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California Native Plant Society v. City of Rancho Cordova

March 24, 2009

CALIFORNIA NATIVE PLANT SOCIETY, PLAINTIFF AND APPELLANT,
v.
CITY OF RANCHO CORDOVA ET AL., DEFENDANTS AND APPELLANTS;
JAEGER ROAD 530, LLC, REAL PARTY IN INTEREST AND APPELLANT.



APPEAL from a judgment of the Superior Court of Sacramento County, Patrick Marlette, Judge. Reversed. (Super. Ct. No. 06CS01311).

The opinion of the court was delivered by: Robie, J.

CERTIFIED FOR PUBLICATION

In this mandamus action brought by plaintiff California Native Plant Society (the Society), the trial court directed defendants City of Rancho Cordova and Rancho Cordova City Council (jointly the City) to set aside two resolutions and two ordinances relating to a residential and commercial development project known as the Preserve at Sunridge (the Project). The trial court found the City's certification of the environmental impact report (EIR) for the Project and approval of the Project violated the California Environmental Quality Act (CEQA; Pub. Resources Code,*fn1 § 21000 et seq.): (1) "by improperly deferring mitigation of impacts on vernal pool and wetland habitat and associated animal species"; (2) because the "findings [in the EIR] that impacts on vernal pool and wetland habitat and associated animal species had been mitigated to less than significant levels [we]re not supported by substantial evidence"; and (3) "because the EIR failed to disclose the potentially significant impact of the water supply plans for the project on fish migration in the Cosumnes River." The trial court also found the approval of the Project violated the Planning and Zoning Law (Gov. Code, § 65000 et seq.) because the Project was "not consistent with, and d[id] not comply with, mandatory requirements of [the City]'s General Plan regarding interconnection of preserved habitat areas that support special- status plant and animal species, and regarding mitigation on such species to ensure that the project does not contribute to the decline of the affected species population."

On the appeal by the City and real party in interest Jaeger Road 530 LLC (Jaeger) and the cross-appeal by the Society, we will conclude the trial court did not err in finding the approval of the Project violated the Planning and Zoning Law because, as we will explain, the City's general plan required the City to design mitigation for impacts of the Project on special-status species in coordination with the United States Fish and Wildlife Service (the Service), which the City did not do. The trial court did err, however, in finding the City violated CEQA in preparing the EIR and approving the Project. Accordingly, we will reverse the judgment and instruct the trial court to enter a new and different judgment consistent with our decision.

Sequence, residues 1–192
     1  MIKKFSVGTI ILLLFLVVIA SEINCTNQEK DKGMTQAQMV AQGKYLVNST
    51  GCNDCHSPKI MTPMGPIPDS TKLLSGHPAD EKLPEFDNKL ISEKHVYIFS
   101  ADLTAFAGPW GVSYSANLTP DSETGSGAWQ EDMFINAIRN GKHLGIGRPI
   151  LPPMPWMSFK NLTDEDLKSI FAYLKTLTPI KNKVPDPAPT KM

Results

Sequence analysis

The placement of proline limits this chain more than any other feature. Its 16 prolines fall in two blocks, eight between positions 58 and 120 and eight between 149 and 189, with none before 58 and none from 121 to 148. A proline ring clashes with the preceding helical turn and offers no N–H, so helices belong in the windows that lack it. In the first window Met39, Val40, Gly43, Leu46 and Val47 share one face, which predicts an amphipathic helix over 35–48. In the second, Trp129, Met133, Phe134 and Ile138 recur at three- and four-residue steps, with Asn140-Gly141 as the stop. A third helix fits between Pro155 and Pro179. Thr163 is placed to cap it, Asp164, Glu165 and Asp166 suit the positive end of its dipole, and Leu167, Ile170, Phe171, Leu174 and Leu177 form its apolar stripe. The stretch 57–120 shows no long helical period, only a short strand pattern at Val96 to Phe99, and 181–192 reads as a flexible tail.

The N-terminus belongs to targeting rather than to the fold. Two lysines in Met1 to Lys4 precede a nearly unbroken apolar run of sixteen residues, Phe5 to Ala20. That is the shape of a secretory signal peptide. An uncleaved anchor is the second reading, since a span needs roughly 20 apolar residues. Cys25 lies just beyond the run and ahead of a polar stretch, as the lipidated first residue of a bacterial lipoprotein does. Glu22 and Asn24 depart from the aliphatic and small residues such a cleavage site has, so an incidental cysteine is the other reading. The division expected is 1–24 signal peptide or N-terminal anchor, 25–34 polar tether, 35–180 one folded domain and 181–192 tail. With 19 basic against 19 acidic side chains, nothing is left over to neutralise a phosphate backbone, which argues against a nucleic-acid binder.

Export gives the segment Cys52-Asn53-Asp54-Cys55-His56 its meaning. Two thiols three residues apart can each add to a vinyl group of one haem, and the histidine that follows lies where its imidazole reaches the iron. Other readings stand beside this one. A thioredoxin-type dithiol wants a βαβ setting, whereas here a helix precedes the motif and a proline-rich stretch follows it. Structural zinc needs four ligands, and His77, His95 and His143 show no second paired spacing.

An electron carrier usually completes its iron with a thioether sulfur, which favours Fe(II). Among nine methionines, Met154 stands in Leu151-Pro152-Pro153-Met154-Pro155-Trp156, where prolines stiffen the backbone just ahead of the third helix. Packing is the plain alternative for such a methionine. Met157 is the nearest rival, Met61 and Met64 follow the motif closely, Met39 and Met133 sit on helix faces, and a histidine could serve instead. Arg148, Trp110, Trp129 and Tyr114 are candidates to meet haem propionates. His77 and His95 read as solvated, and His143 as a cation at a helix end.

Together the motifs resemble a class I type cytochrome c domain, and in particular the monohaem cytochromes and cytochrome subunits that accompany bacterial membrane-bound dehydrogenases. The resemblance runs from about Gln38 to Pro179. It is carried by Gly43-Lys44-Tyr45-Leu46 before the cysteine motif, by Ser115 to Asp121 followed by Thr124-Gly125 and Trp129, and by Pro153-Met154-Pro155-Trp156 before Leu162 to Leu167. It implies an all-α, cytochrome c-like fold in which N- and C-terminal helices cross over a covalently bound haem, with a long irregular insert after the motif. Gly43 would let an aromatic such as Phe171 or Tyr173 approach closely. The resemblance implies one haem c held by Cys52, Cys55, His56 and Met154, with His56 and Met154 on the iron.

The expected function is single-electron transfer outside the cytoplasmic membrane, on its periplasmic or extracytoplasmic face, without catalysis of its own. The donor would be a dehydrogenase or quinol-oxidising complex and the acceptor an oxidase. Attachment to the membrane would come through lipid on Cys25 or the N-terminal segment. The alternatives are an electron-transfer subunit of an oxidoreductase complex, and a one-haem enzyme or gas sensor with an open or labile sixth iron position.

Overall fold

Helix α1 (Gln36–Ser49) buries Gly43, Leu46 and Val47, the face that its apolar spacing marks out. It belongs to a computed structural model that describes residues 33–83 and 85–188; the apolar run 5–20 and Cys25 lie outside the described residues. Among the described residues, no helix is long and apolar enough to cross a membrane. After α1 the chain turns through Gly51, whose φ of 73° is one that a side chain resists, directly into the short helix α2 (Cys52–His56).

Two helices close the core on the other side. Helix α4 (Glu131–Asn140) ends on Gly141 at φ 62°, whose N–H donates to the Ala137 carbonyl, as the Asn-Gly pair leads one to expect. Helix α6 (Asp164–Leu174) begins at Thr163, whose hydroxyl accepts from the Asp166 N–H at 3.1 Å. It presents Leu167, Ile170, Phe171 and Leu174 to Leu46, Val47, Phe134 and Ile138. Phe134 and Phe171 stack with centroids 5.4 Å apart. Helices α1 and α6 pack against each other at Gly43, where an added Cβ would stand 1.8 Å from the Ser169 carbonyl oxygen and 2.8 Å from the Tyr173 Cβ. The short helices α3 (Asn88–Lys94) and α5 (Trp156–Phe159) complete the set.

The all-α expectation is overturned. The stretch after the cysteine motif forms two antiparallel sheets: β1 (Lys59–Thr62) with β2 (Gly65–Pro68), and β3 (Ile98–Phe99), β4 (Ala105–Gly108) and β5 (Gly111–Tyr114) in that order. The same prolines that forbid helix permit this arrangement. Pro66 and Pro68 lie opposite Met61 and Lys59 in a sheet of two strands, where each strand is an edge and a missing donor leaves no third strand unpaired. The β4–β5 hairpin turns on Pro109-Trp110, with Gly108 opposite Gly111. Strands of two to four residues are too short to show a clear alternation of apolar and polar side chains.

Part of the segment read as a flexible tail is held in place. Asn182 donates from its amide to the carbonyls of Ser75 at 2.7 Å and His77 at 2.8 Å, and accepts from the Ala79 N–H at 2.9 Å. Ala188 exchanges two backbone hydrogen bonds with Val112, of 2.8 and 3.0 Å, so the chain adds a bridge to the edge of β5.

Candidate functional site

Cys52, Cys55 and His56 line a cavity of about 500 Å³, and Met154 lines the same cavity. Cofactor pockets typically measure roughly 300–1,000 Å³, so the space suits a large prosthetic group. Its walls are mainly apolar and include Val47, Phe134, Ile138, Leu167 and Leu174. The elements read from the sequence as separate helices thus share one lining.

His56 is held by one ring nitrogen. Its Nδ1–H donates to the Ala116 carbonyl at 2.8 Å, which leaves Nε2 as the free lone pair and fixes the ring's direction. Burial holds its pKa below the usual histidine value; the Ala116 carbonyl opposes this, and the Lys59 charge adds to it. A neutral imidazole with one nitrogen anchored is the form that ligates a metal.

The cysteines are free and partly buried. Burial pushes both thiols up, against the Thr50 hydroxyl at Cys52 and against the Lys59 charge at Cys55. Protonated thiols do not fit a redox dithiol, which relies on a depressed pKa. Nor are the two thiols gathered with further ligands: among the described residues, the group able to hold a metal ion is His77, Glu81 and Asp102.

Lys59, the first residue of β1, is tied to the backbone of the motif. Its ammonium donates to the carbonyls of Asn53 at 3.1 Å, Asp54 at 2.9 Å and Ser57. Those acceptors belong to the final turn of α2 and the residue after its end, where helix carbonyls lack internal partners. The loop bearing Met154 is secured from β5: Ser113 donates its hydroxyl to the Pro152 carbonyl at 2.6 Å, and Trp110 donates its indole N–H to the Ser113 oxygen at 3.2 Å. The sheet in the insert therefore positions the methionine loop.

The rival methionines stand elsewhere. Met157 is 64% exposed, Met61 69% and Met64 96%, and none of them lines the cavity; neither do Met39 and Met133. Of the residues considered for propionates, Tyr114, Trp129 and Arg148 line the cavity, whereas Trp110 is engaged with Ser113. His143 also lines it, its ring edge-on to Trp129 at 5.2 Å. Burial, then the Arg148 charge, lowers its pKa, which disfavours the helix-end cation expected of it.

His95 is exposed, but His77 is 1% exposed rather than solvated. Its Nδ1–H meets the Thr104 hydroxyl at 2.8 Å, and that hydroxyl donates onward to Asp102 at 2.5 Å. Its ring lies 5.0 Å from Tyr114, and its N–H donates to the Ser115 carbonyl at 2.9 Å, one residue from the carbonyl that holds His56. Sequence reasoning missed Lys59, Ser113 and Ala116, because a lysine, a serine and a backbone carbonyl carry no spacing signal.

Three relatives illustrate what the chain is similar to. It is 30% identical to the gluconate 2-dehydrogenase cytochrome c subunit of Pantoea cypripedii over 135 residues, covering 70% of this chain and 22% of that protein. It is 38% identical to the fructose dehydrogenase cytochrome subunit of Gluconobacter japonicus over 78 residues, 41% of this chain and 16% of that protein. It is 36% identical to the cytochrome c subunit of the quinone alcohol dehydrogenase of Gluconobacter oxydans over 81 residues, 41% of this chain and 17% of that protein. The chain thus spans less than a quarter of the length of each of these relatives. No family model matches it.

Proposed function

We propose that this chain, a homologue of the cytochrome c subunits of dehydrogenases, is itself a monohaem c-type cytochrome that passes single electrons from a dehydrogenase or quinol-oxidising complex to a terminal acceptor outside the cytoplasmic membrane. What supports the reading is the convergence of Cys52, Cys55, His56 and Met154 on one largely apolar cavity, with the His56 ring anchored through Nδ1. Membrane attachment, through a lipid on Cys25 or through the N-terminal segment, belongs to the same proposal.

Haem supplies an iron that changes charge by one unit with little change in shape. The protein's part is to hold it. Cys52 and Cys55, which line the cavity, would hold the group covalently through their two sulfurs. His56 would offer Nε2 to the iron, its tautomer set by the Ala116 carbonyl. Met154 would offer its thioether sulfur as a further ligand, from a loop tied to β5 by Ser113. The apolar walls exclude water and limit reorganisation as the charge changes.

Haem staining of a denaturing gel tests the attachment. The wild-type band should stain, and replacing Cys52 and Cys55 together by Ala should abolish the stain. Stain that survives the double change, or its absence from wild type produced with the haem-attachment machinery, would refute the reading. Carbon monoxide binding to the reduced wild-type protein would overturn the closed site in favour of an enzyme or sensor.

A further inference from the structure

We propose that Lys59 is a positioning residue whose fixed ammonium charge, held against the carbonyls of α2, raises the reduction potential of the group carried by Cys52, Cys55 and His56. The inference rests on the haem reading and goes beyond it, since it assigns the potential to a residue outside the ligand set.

FACTUAL AND PROCEDURAL BACKGROUND

The Project

The Project involves the development of an approximately 530-acre site in the southeastern portion of the City that is to include "single-family residential, multi-family residential, commercial and office uses, a neighborhood park, an elementary school, detention/water quality basins, an open space/wetland preserve, pedestrian facilities, bikeways, parkways, and drainage corridors." The Project site lies in the center of a master planned community known as Sunrise Douglas, which was the subject of a community plan (the Sunrise Douglas Community Plan) approved by Sacramento County. (See Vineyard Area Citizens for Responsible Growth, Inc. v. City of Rancho Cordova (2007) 40 Cal.4th 412, 421-422 (Vineyard).)

The Project site "is located within the Laguna Formation Geological Formation in the Southeastern Sacramento Valley Vernal Pool Region." Vernal pools are "seasonally inundated shallow depressions underlain by an impermeable layer of soil, generally hardpan or bedrock . . . . The pools are inundated with water for various periods of times [sic] depending on the depression depth, extent and duration of rainfall, and ambient temperatures." "The vernal pools on the site are classified as northern hardpan vernal pools" and they "support a variety of invertebrate species that are adapted to seasonal inundation and climatic regime associated by this habitat . . . ."

A large "unnamed ephemeral drainage" that is "a headwater tributary to Morrison Creek" runs through the Project site.*fn2

"This drainage typically functions in the collection and transport of stormwater and convey flows during and immediately after storm events." "Depressional areas occur within the reach of the drainage where water pools and remains after the primary channel is dried. These depressional areas support vernal pool and seasonal wetland vegetation in the spring" and provide habitats for two species of vernal pool crustaceans -- vernal pool fairy shrimp and vernal pool tadpole shrimp -- that are listed as threatened and endangered (respectively) under the federal Endangered Species Act.*fn3 Vernal pool tadpole shrimp were actually "observed in some of the deeper on-site pools during . . . surveys" in 2002 and 2005, and vernal pool fairy shrimp "have been documented within vernal pools in the immediate project vicinity."